What is boat dock insurance?

Boat dock insurance is insurance for your dock from damages to it from weather, your boat, other boats and injuries to individuals on the dock, most often from entering or exiting your boat.  Depending on your relationship with where the boat is being stored, whether your own it attached to your house, whether it is apart of a condo unit, or whether you rent it you will likely receive different levels of coverage from different sources.  If you own your home and your dock directly connects to it, it is highly likely that your home owner protection will include it as part of the property.  If your home is a condo, and the dock connects to the condo association property, it is likely that your policy, and potentially the condo associations, will cover the dock.  In both of these cases both physical damage and depending on your policy will likely include some sort of injury coverage as well.  Finally, if you rent a slip you are not covered by any existing home policy.  That said, if your boat has insurance on it you are likely covered by the policy so long as you are in the process of using the boat.  This will help cover some liability issues surrounding accidents entering and exiting docks and is another reason why we believe a strong boat insurance policy makes strong financial sense for boat owners.  Finally, if you rent your dock to others, you will almost certainly need business insurance to cover it as your home policy will likely not.

Does boat insurance cover Water Skiers, Tubers or wakeboarders?

While many policies do include those towed behind their vessels, it must be explicitly stated.  We see and hear of this all the time, people assume, since they are connected to the boat, that they are covered, but that can be a huge mistake.  While many of those that are injured may have minor injuries covered by their existing health insurance, many do not and for more serious injuries it is critical that you are covered appropriately.

Does my insurance cover me if I hit a log, rock or sandbar?

Yes, if your policy is comprehensive in its nature.  For cheaper policies coverage may cover a portion of it or nothing at all though the ladder is only likely if your coverage focuses on liability coverage only.  Remember, what happens after you hit an object can matter quite a lot.  Depending on the nature of your accident, whether you hit a log and are taking on water quickly or ran aground and only have a little water coming in and out, matter a lot.  Make sure that you have the proper procedures in order prior to know what you will do if this happens.

Is my boat covered during a hurricane, tornado or other severe weather storm?

If you have coverage to the damage of your boat, and you are within the restricted region identified by your policy, you likely are.  It is also important, most often with hurricanes, that you have your boat stored appropriately during the offseason.  Many boats stored in the Caribbean, or areas identified by insurance companies as high risk have specific procedures they must follow during certain periods of time during the year.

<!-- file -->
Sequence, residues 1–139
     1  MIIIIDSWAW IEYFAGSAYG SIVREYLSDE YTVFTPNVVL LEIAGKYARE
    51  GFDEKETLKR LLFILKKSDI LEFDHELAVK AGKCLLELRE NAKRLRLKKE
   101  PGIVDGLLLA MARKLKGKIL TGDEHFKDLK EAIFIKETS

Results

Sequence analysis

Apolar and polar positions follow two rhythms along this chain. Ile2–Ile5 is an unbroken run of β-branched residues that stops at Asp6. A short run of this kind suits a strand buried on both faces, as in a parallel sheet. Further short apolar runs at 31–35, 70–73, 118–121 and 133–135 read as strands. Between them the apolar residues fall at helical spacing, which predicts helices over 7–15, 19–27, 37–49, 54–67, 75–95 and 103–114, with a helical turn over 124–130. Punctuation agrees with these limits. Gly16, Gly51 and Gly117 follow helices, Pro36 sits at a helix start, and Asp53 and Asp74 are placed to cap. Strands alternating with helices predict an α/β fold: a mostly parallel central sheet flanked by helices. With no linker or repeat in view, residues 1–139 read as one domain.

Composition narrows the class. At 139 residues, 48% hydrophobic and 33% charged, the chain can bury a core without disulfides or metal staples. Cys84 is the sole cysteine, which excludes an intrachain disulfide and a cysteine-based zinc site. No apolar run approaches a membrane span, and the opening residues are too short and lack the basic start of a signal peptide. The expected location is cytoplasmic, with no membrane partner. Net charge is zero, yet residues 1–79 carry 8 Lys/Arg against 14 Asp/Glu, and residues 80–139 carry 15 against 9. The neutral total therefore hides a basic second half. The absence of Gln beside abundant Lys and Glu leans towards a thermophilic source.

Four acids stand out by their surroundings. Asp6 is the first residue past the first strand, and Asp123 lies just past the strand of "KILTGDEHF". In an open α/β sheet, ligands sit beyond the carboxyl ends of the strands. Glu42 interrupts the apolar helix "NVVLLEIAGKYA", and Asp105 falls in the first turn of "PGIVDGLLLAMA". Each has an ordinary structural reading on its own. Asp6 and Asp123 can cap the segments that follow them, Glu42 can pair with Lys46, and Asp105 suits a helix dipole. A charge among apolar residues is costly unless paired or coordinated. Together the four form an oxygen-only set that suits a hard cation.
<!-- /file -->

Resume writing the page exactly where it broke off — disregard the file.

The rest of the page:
Do you need insurance for inexpensive boats?

Most boats are expensive, but from time to time there are older or smaller home build boats that are quite inexpensive and many owners rightfully ask themselves if they need insurance for them.  The key here is what do you need insurance for.  For hull damage or engine damage many are right and it is simply not worth it.  However, for most owners the risk of injury to their own guests and other boaters exist and can be significant.  In these cases we often see smart boaters buy policies that covers what they are most concerned about, medical liability or sunk boat retrieval costs for example.

I am a new boater, will my insurance be more expensive?

Yes, and in some instances you may not be offered coverage.  New boat owners, especially those that have not spent time previously on boats, are a huge risk to insurance companies.  For this reason it is suggested that if you are a new boat owner with limited experience that you take classes in the operation and maintenance of a boat.  This can both help lower your rate and help ensure that you will get offered a policy at all.

How can I save money on my boat insurance?

Saving money, who doesn’t want to do that?  The truth is there are a few things that you can do to lower the costs of your policy.  The ones we recommend most, involve taking approved classes that will both increase your enjoyment on the water and lower your policies costs.  While not all providers provide discounts for such classes, many do and many are worthwhile skills to have.

Is there a limit to how far offshore I can go before my insurance is invalid?

Many lake and river boaters will scoff at this question but it is something that many of us who have ventured offshore have had to keep an eye on.  All companies have a limit, unless you are doing a specified crossing, or have a policy designed for Caribbean cruising, though these have other specifications.  There are three common distances that we regularly hear about 25 miles, 125 miles and 200 miles.  Each provider has their own rational and they change over time so make sure you are up to date on what your limitations are.